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'I don't want my team to be a health, social experiment' | Some St. Louis salons to stay closed

St. Louis and St. Louis County released more specific guidelines for businesses to follow, including a five-page section dedicated to "personal services"

ST. LOUIS — On May 18, many businesses in St. Louis and St. Louis County will be able to open their doors for the first time in more than a month. And many shop owners said they are eager to get back to work. 

However, hundreds of business owners in Missouri are pushing for their industry to fall into a later phase of the reopening process, including three hairstylists in St. Louis. 

Caitlin Tyczka owns Homegrown Hair Co. in the Tower Grove South neighborhood. Kristina Cheeseman and Caitlin Ford are both stylists who operate their own businesses out of Chop Shop East in The Grove. All three women said they think May 18 is too early to open hair salons. 

"Starting that effort off with opening up salons is like saying you're starting a diet by eating a piece of chocolate cake," Ford said. "There's no way for us to socially distance and I just don't see any reason why they shouldn't push us to a little bit later. See what the businesses that are capable of socially distancing, how they fare, first and where the numbers go first. Then, go to hairstylists."

RELATED: St. Louis Mayor Krewson says specific reopening guidelines coming soon

RELATED: Which St. Louis businesses will be able to open on May 18?

Ford and Cheeseman moderate a Facebook group made up of other stylists, tattoo artists, massage therapists and aestheticians across Missouri who want a reopening date. There are more than 400 members. 

Tyczka said the main concerns include a lack of guidance for operation and potentially not having enough personal protective equipment (PPE) and cleaning supplies to protect staff and clients. 

"It's really not about even attaining it right now, which is already difficult, but maintaining it going forward," Ford said. 

Tyczka said, additionally, the nature of their business makes it difficult to meet the guidelines that exist. 

"Hairstylists are the ones that have been put in charge of creating our own specific guidelines, and we are not equipped to that," Tyczka said. "We're using the knowledge that we have, but we need this done by people that have researched it very thoroughly. We shouldn't be the ones creating our own guidelines. 

On Monday, St. Louis Mayor Lyda Krewson said businesses, like hair salons, will need to supply PPE for staff members and maintain proper cleanliness. 

Hours after Krewson's briefing, the city and county released more specific guidelines for businesses that are reopening to follow. The guidelines included a five-page section dedicated to "personal services" like hair salons.

The guidelines include instructions about limiting clients, keeping employees as distant as possible, screening employees daily for symptoms, checking in with clients before appointments to make sure they aren't showing symptoms and assistance available for employees who take time off if they are showing symptoms.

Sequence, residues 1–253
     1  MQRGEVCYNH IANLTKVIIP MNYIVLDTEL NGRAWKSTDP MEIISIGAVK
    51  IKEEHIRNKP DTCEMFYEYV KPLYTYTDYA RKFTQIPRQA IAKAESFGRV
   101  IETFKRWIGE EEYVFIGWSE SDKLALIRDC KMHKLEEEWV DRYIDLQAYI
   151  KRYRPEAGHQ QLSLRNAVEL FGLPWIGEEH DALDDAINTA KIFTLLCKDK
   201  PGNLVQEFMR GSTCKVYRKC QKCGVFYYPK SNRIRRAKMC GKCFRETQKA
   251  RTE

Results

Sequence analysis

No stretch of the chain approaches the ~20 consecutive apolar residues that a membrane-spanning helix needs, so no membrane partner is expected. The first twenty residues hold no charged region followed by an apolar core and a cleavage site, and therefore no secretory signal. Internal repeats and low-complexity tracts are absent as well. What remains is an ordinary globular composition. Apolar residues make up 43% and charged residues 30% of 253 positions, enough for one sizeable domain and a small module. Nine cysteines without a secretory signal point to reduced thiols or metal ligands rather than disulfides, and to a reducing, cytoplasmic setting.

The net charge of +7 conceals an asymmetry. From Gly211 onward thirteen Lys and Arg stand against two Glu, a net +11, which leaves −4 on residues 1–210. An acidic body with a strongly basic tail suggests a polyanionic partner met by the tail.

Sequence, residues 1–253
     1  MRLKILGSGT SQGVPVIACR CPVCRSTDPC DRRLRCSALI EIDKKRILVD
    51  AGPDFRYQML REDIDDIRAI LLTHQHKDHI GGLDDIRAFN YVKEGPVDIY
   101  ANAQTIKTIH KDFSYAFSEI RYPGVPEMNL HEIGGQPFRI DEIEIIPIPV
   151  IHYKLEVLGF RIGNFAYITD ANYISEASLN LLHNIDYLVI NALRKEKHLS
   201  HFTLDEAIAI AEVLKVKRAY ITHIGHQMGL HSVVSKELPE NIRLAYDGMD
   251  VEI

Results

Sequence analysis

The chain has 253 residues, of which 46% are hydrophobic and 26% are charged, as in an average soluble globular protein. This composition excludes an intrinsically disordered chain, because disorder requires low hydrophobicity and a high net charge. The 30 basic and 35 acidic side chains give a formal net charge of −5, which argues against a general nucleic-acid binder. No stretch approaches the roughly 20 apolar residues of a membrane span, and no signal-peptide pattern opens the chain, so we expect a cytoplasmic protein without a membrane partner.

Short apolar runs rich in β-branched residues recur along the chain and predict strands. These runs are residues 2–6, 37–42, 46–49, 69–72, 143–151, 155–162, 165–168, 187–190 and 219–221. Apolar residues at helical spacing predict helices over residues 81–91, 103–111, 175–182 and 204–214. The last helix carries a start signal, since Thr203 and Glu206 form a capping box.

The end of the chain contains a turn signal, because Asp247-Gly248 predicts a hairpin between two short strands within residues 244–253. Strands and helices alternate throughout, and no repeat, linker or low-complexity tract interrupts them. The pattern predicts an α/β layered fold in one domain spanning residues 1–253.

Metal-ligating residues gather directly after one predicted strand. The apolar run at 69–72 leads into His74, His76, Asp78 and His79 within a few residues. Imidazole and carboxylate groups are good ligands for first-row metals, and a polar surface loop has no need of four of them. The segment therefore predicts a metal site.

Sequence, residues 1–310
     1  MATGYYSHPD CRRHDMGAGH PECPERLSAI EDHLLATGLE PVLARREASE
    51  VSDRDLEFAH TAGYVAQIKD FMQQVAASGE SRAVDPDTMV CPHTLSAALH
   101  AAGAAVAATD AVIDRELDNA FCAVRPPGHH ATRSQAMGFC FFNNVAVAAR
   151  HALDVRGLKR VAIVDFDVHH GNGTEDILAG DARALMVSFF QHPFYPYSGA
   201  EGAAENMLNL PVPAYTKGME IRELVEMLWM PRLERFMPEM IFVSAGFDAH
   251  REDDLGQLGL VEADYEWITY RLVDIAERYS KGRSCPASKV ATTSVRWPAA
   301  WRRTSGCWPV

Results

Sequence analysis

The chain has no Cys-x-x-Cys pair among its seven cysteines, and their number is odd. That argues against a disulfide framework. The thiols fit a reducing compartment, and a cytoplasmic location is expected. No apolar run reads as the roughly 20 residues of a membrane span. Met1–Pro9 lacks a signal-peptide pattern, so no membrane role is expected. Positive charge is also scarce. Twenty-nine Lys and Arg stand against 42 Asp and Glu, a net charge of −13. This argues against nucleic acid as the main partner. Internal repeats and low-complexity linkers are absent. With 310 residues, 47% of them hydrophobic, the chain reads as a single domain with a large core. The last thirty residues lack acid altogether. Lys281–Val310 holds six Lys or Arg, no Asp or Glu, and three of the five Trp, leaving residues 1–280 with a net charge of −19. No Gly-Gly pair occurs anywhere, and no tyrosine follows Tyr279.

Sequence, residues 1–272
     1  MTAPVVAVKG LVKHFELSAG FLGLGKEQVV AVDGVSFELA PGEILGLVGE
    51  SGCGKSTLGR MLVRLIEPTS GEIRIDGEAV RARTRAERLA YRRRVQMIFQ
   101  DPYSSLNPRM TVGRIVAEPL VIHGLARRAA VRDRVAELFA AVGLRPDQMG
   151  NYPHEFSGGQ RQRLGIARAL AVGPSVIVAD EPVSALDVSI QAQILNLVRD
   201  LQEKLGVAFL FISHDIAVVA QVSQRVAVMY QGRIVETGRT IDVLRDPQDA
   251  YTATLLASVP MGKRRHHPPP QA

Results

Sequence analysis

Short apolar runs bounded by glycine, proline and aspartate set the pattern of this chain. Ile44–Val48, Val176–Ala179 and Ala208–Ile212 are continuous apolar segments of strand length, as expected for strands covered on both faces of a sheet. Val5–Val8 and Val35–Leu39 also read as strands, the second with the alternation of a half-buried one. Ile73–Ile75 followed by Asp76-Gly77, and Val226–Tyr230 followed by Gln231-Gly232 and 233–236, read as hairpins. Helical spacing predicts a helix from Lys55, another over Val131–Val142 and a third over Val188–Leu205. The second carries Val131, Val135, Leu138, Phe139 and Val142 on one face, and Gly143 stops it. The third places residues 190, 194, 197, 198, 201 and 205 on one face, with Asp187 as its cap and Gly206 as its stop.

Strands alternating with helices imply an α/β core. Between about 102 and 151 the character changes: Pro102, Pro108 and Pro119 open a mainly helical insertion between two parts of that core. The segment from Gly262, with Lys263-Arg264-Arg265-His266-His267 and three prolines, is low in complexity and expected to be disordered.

While the guidelines are more specific, the stylists say they work in one of the few professions that directly contradicts social distancing. 

"What our leaders are failing to recognize is that we share direct airspace with our clients, and we are with our clients between 30 minutes to three hours each time," Cheeseman said. "We touch these people."

All three women acknowledge that the simple solution to their concerns appears to be to just remain closed if that makes them feel more comfortable. And they said they don't plan to re-open until June 1st -- at the earliest. However, they are concerned that choosing not to take a green light to reopen will impact their ability to receive financial assistance. 

"In our industry, if you don't work, you don't get paid," Cheeseman said. "We have been offered pandemic assistance. However, there have been some glitches and many of us have not been paid. If we don't open up, we risk losing more of that funding through the CARES Act. That puts people in a really tough space. They have to choose between their health or financial stability, and that's really hard to ask people to do."

All three stylists said they have already struggled to receive unemployment benefits consistently. 

Tyczka said she spent nearly $1,000 purchasing supplies necessary to reopen for her clients and staff when they're ready. She said her hope is that hairstylists and other workers in the industry will be guaranteed a supply of PPE for a sustainable amount of time as well as more specific guidelines that can better ensure safety. 

In the meantime, all three stylists said they plan to watch how the case numbers move, as the city and county begin to reopen, to better evaluate their opening dates. 

"What does happen if there is a spike in cases?" Tyczka asked. "I really don't want my team to be a sort of health, social experiment."

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